This week we have had friends staying with us for a few days. They have been visiting from Germany, so we don’t see them very often, and it was wonderful to watch their children playing with ours. Because they were staying with us, we had the rare chance to sit down and catch up in a relaxed way, without a timetable or a formal commitment. It got me thinking about the lack of unstructured time in our lives these days, and its impact on our ability to maintain our friendships, our relationships, and our communities.
We tend, these days, to have very structured lives. Crowded timetables and hectic days. Things to do, places to go, people to see. And sure, you can get a lot done that way. But I’m not sure if it’s possible to nurture and grow your relationships in structured time. It is lovely to catch up with friends’ families on a joint visit to a place or an event (like the Zoo, or a concert), but it is forced and rushed time. It feels as though we are missing out on just dropping in, catching up, and hanging out. (Why do we hang out, and not down or up? And why do we catch up and not down? Such a strange language, such random prepositions. But I digress. How unlike me.)
When was the last time you dropped in on friends unannounced? I’ll bet it was so long ago you can’t remember. We don’t drop in anymore. We schedule time for a catch up. Dropping in feels rude and intrusive – the closest I will come is to call if we are in the area (yay for mobile phones) and tentatively ask if it’s ok, and that’s even with my family!
I am becoming increasingly certain that we need more, not less, dropping in and casually catching up. Those long weekend afternoons when we are just pottering about the house, getting things done, would be so enlivened and enhanced by unexpected visitors. There’s always time to stop for a cuppa and a chat, in my ideal world.
Certainly, this welcoming of unexpected guests also requires the ability to say “it’s wonderful to see you, but this isn’t a good time”, and for both sides to accept this situation gracefully and promptly. But given that proviso, what is keeping us from sharing each others’ lives more casually, and more intimately, than we seem able to manage now?
Years ago we visited friends in Adelaide, and they were so struck by our relaxed approach that they sent us a Christmas card later, with the observation that it was a pleasure to have friends to stay whose “only requirement is that we don’t trip over them”. Visiting friends in San Francisco on another trip, we first encountered the term “lump days”, and our holidays have been liberally sprinkled with them ever since – days when you simply chill out, often as a lump on the couch. This is a particularly lovely concept when you are visiting friends. Sure, it is nice to see a new place, and visit landmarks etc. But for me life is all about relationships, and visiting friends is about people, not places.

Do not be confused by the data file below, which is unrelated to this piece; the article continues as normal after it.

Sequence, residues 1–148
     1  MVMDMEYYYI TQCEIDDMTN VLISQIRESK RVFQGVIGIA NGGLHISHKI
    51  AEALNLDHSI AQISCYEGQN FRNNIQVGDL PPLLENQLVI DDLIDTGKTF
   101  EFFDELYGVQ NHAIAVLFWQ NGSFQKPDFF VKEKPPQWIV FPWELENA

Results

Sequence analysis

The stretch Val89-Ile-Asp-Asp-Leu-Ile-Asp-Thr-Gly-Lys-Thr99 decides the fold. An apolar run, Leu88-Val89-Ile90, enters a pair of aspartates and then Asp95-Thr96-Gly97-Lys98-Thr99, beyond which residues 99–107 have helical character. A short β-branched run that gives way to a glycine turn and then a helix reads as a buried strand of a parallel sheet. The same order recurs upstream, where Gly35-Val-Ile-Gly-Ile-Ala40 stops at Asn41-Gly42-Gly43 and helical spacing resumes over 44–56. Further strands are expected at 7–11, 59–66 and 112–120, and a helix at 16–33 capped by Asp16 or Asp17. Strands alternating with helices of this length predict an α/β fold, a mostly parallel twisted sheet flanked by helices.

Our lives are so busy, we seem to be left with a sense that doing nothing is the same as achieving nothing. Therein lies the trap. There are many studies showing that children need unstructured play for optimal development. They need plenty of time to exercise their imaginations – to build cubbies, climb trees, and make trains out of boxes and sparkly pipe cleaners (it turns out that the sparkliness of the pipe cleaners is crucial to the function of the train). Although well documented, it seems to me that this phenomenon is poorly acted upon in our day to day lives. So many children seem to be enmeshed in such a tangled web of swimming, music, dancing and language lessons that they have very little time to chill out and explore their world.
But it seems to me to be equally applicable to our adult lives. To chill out and catch up with friends with no aim other than to connect with them, is an increasingly rare thing. As a friend remarked to me today, “I always catch up with people to do something. I forget that it doesn’t have to be that way.” I have found that it is often much more satisfying to hang out with no aim or schedule in mind. There is more potential to talk deeply, and indeed widely, and truly connect with each other.
So this is my challenge to you. Schedule some unscheduled time. Drop back in to your friends’ lives, and enrich your own. The kettle is on.